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Engineered Garments FW 15 - Page 66

post #976 of 1015
Talked with Angelo back in 2008 about the Field Parka that was 85% Wool / 15% Nylon:

Angelo:
The material for the Field Parka is 85%wool 15%nylon and the nylon is put in for strength. Also the weave is not really tight but that is the beauty of it. If you want it to maintain it the way it is, I would just recommend to be careful with it but I wouldn’t. The beauty of all garments is to live in it, to let it be part of your life. If something is held to be precious you will it always be conscious of it and for me, nothing is really worth that. Please do not quote me on this, I am going to sound like a fool but I am just being honest in all reality.

By the way, I've still got that FW08 field parka in use (pic below). It's a loose weave, so I was originally concerned with it pilling, but it's has held up for 7 years.
post #977 of 1015
I have the same field parka as timpoblete and I really like the fabric on it and like his mine has held up very well. I don't wear it as often as I used to but I still wear it few times a year.
post #978 of 1015
Quote:
Originally Posted by timpoblete View Post

Talked with Angelo back in 2008 about the Field Parka that was 85% Wool / 15% Nylon:

Angelo:
The material for the Field Parka is 85%wool 15%nylon and the nylon is put in for strength. Also the weave is not really tight but that is the beauty of it. If you want it to maintain it the way it is, I would just recommend to be careful with it but I wouldn’t. The beauty of all garments is to live in it, to let it be part of your life. If something is held to be precious you will it always be conscious of it and for me, nothing is really worth that. Please do not quote me on this, I am going to sound like a fool but I am just being honest in all reality.

By the way, I've still got that FW08 field parka in use (pic below). It's a loose weave, so I was originally concerned with it pilling, but it's has held up for 7 years.

This.  Happened to a few of my garment as well.   One jacket, precisely because the weave is fairly loose, developed a hole.  I tried to fix it with fabric glue, which was... a poor idea, but I may patch it with some other, tonal cloth, soon.  It's ironic that we celebrate all of these patchwork fabrics, but so many are unable to embrace the ethos that gave rise to these garments at the same time.  Re. perfect clothes that last forever:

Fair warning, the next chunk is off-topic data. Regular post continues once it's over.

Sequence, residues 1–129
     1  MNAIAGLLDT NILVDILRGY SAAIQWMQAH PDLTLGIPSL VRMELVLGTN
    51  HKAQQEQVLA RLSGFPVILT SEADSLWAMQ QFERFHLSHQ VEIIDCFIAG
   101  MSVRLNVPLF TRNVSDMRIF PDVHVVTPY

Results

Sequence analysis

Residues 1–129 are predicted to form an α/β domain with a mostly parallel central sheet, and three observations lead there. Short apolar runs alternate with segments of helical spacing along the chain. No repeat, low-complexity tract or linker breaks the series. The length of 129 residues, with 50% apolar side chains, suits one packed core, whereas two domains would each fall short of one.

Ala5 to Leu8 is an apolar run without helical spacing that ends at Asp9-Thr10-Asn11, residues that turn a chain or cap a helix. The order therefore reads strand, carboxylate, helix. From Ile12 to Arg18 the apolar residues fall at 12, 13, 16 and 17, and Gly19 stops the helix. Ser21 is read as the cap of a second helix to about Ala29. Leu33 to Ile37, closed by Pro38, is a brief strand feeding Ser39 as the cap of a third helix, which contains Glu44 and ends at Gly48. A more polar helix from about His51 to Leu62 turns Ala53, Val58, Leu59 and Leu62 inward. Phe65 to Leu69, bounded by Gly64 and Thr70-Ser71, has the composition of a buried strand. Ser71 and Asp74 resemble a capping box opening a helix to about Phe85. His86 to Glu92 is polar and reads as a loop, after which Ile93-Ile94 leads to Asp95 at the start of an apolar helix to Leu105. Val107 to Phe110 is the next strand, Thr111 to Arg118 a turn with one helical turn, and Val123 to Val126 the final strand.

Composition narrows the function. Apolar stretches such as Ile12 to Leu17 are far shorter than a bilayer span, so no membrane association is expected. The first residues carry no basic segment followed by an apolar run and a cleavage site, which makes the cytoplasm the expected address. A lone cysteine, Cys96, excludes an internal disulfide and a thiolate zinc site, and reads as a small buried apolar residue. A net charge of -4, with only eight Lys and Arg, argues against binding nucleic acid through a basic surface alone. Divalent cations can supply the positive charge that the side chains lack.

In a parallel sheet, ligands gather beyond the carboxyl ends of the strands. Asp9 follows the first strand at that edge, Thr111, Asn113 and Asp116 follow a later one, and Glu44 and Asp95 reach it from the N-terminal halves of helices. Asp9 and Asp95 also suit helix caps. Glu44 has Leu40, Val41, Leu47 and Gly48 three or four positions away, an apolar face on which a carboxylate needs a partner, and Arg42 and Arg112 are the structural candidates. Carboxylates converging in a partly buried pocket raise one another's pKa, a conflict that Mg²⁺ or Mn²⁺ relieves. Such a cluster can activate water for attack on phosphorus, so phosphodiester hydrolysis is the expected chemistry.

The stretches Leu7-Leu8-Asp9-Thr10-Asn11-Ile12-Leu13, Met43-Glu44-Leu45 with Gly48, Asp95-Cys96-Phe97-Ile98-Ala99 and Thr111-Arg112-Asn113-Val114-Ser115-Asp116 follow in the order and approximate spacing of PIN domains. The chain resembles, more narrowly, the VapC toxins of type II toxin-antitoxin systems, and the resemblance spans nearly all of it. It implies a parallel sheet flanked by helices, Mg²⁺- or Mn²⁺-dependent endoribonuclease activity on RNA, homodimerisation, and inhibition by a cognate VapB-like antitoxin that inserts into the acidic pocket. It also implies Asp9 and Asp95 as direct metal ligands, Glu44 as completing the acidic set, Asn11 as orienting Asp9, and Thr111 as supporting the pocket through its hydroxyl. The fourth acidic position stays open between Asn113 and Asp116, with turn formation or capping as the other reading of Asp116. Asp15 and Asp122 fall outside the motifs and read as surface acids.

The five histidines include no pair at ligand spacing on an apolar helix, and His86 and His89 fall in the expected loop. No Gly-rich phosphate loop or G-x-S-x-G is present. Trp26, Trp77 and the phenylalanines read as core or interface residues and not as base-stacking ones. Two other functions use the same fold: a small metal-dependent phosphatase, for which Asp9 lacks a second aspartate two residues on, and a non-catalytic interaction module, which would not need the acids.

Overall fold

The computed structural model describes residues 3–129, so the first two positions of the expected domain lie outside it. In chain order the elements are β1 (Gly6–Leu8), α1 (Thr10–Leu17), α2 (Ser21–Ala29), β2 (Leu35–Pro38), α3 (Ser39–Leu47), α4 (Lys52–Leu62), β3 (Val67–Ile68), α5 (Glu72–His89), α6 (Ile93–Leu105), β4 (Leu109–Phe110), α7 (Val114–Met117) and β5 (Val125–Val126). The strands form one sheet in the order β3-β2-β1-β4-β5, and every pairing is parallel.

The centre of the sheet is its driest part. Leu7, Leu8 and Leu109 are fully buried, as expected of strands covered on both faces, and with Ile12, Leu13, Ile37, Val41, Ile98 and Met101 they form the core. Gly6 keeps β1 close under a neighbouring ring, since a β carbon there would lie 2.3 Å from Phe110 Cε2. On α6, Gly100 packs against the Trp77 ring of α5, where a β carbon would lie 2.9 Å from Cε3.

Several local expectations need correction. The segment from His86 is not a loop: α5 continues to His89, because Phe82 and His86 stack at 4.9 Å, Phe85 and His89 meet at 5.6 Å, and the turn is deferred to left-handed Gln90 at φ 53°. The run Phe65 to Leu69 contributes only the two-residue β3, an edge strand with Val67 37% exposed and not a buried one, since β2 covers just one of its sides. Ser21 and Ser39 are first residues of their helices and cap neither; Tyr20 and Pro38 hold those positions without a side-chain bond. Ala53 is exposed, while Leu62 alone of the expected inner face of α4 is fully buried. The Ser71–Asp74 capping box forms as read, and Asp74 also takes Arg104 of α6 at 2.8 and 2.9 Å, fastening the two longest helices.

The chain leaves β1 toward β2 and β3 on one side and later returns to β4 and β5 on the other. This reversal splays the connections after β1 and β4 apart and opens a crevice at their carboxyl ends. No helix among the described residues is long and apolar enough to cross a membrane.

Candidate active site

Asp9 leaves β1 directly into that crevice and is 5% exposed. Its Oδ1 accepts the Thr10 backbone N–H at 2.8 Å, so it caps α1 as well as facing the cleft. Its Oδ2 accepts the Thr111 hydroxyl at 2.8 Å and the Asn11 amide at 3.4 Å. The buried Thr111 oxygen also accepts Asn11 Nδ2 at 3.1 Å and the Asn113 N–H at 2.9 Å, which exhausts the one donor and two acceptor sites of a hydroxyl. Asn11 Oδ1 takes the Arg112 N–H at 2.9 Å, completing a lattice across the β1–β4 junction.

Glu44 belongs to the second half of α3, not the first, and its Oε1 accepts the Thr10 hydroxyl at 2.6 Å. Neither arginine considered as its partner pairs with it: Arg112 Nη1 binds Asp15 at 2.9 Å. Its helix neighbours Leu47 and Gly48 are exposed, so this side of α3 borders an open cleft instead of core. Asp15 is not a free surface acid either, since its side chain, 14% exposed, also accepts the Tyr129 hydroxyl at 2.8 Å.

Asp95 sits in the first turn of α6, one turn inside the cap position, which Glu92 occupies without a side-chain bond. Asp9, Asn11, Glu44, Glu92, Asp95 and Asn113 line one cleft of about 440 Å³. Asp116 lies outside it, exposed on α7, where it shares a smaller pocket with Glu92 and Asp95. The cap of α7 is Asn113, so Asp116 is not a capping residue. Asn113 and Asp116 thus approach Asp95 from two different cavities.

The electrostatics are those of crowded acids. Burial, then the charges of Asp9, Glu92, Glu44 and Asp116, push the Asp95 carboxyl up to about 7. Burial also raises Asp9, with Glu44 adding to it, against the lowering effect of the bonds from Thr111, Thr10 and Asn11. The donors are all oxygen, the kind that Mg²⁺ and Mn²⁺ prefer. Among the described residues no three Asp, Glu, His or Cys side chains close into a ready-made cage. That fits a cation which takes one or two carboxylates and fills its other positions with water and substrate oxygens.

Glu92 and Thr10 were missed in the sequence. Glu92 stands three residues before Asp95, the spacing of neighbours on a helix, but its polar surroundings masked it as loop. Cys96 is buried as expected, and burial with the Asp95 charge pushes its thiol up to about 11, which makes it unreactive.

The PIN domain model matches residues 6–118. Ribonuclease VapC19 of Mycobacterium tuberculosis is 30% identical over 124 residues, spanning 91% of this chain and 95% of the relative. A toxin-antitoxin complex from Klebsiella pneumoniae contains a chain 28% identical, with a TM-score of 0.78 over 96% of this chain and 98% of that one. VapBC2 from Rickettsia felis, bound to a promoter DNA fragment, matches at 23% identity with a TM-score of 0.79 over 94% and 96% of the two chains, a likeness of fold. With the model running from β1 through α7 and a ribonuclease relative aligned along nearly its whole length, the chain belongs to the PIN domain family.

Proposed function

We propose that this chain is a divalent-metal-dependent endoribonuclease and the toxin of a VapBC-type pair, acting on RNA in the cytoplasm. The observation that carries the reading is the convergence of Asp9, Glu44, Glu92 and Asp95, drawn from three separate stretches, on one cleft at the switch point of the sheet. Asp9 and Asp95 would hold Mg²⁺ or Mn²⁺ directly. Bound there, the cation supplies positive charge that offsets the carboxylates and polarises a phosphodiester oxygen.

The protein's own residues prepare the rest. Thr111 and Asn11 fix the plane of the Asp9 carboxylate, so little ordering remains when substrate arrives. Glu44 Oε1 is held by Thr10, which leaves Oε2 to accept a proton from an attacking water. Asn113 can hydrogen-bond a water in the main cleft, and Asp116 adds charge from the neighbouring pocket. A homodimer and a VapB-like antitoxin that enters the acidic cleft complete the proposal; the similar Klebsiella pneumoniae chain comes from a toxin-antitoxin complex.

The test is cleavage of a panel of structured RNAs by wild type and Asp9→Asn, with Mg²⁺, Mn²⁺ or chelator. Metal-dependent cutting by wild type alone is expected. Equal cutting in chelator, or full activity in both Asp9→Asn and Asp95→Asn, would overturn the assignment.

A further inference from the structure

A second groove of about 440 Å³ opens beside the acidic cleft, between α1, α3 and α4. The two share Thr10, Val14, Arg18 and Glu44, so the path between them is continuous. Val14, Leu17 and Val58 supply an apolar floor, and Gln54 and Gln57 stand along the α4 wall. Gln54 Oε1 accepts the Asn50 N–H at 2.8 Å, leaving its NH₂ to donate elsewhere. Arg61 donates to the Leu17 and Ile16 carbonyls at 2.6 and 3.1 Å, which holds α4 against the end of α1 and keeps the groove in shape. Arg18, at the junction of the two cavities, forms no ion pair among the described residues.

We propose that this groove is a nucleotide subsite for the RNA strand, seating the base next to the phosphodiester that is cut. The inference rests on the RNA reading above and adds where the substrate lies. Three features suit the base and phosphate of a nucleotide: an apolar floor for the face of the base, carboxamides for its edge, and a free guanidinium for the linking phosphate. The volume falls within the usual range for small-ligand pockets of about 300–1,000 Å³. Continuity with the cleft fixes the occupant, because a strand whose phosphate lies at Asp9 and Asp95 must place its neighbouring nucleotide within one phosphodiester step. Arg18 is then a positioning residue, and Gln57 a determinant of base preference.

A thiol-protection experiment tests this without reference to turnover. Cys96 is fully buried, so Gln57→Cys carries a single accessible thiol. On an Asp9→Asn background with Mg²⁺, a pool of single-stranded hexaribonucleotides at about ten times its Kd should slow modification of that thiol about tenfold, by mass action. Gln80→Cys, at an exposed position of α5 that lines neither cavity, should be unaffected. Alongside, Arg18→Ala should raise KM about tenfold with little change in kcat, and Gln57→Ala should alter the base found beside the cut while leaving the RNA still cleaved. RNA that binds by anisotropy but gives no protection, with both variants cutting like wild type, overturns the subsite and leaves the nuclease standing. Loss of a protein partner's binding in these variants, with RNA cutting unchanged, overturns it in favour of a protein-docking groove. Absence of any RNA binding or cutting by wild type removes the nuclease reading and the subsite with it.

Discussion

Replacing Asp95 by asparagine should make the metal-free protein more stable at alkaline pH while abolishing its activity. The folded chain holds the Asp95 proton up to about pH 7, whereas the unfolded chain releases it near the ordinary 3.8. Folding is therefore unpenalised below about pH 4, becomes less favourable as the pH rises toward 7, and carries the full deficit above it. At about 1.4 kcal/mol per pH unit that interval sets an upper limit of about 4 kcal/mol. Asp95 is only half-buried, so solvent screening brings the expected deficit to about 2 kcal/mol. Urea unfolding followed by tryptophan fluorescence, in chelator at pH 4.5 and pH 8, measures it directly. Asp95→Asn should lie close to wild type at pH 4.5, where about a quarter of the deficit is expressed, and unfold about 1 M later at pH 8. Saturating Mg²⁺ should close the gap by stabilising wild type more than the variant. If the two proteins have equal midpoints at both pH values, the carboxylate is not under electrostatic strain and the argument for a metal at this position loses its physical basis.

1) Such things do not exist.

2) If you want the closest thng to it, get real technical gear.  I have a pair of poly hiking pants that have been worn, hard, as hiking pants, then as lounge pants, for over a decade.  The seams have broken and the material has ripped only where there was a long of stress, and they were easily home repaired.  The weave is extremely tight, abrasion resistance, tear resistance, and the material itself is very lightweight, about 200-250 gsm.  If you want stuff that looks rather cool and modern, outfits like Outlier and Mission workshop, and Nanamica, make such things.  People are the technical millls work very hard to make excellent technical fabrics.  If you really care about made in New York, go with Outlier.  I think that Missions Workshop has things cut and sewn in San Francisco, and Nanamica things are typically made in Japan.

 

If you like the ethos of Engineered Garments, embrace the ethos.  Wear it.  When it gets worn out, patch it.  At some point, it will be both awesome and unwearable, and be definitely "your" garment.  Is it going to have resale value?  No.  Well,  maybe in 50 years when it could be picked up by a designer for their inspiration board.  Certainly, it will be more interesting than most second hand clothing, unless it's a rare piece from an iconic designer, in mint condition, like a vintage YSL gown.  That's unlikely to be anything you (or I) have.

post #979 of 1015